Making Money with Hot Dog Carts

The economic downturn has been so widespread that millions and millions of people have been affected. From foreclosed homes to lost jobs to dwindling retirement fund values, the bad news has come in every size, shape, and form imaginable. The biggest impact has arguably been on personal finances, as individuals are doing everything they can to stay afloat. This includes taking on part-time work in the evenings and weekends if at all possible. One option that many folks have turned to with great success is selling food from hot dog carts.

There have actually been lots of news stories about this growing phenomenon. One reason hot dog carts are so popular is that they are affordable. Whereas it can take tens of thousands of dollars to start other kinds of businesses, it only takes a few thousand to buy a cart and food supplies. Yes, that’s still a lot of money for many folks out there, but comparatively speaking it doesn’t take much to get started as a vendor.

Another reason people are buying hot dog carts is that they get to be the boss and set their own hours. If you take on a part-time gig working for someone else, you can’t just set your own hours and turn up whenever you want. You have to abide by someone else’s schedule. But as a street vendor, you call all the shots. This kind of flexibility is extremely appealing to those with families or other commitments that prevent them from devoting every waking moment to the pursuit.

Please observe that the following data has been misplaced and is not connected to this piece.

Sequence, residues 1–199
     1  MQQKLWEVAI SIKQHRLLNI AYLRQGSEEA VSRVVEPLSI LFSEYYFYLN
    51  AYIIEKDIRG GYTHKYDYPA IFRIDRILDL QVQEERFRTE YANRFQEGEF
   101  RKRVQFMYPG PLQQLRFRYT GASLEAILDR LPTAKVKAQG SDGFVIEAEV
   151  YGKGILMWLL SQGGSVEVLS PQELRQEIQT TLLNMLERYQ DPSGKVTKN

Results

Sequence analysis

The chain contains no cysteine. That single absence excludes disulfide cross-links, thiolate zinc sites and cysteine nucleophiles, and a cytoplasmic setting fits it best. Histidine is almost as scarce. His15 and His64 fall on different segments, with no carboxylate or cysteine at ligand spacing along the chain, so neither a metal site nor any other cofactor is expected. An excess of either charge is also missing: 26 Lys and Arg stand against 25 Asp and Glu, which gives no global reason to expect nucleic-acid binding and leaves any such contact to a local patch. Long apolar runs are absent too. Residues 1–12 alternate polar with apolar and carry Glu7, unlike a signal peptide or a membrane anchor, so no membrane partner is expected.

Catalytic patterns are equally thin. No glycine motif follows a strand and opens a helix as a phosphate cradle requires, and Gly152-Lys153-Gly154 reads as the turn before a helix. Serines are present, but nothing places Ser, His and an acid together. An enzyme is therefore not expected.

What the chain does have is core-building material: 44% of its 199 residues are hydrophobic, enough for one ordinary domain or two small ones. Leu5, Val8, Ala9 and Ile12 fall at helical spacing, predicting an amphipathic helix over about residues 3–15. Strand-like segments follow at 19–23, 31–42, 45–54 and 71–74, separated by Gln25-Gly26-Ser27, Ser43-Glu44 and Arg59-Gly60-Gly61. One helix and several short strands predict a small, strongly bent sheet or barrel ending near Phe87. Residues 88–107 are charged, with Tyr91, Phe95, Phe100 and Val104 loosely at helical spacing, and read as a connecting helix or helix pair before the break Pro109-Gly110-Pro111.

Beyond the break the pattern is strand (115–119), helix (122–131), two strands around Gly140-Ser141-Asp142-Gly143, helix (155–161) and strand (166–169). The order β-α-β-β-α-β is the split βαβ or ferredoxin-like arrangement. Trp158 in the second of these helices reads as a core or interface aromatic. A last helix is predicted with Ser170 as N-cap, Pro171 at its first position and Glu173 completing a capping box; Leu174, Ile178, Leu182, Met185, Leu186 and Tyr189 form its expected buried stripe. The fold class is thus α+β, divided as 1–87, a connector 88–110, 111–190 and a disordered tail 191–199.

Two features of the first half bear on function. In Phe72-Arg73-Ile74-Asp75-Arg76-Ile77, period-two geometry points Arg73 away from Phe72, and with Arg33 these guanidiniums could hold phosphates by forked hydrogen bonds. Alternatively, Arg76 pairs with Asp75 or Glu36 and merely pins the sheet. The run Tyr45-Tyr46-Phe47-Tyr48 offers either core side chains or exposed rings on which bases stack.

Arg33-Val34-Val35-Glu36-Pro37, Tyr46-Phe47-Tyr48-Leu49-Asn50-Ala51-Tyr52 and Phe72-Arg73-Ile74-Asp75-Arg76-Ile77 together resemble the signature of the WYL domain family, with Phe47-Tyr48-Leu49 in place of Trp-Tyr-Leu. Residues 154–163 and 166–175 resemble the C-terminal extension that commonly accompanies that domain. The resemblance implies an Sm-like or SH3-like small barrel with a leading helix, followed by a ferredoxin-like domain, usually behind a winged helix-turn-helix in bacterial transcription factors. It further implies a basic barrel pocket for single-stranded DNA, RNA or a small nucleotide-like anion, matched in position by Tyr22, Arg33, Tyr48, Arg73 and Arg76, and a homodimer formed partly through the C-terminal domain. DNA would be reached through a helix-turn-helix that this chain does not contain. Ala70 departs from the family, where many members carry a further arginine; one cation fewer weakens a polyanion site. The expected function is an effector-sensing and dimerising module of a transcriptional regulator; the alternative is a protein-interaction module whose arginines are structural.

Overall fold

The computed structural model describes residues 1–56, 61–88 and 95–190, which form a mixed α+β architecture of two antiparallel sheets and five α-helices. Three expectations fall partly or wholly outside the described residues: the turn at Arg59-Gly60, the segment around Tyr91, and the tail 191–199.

To get started, you obviously need to check out new or used hot dog carts for sale. There are plenty available online, so spending an hour or two with Google, Yahoo, or Bing should yield numerous purchasing options. But getting a cart is just the beginning. Before doing that, it would be a good idea to perform a bit of market research. This doesn’t mean you have to hire a consulting firm and do in-depth studies about consumer habits. Just go to the area where you think you might set up your cart and spend a few hours observing. Are there other food vendors around? Is there enough foot traffic to provide you with a steady stream of potential customers? What kind of competition will you be dealing with? These are critical questions that you must ask before moving ahead with your business plan.

And don’t forget that most cities require all operators of hot dog carts to be properly licensed. This usually just consists of filling out some forms and paying a fee, so make sure you do it. You don’t want to be shut down by the police for operating illegally.

Anyway, while most people would probably shy away from starting a new business in a time of recession, hot dog carts are selling well because of the low start-up costs, flexibility, and low overhead associated with operating one of these rigs. If this is something you’re thinking about getting into, go out and do some field research before buying a cart of your own. If conditions warrant a purchase, you could become your own boss in no time!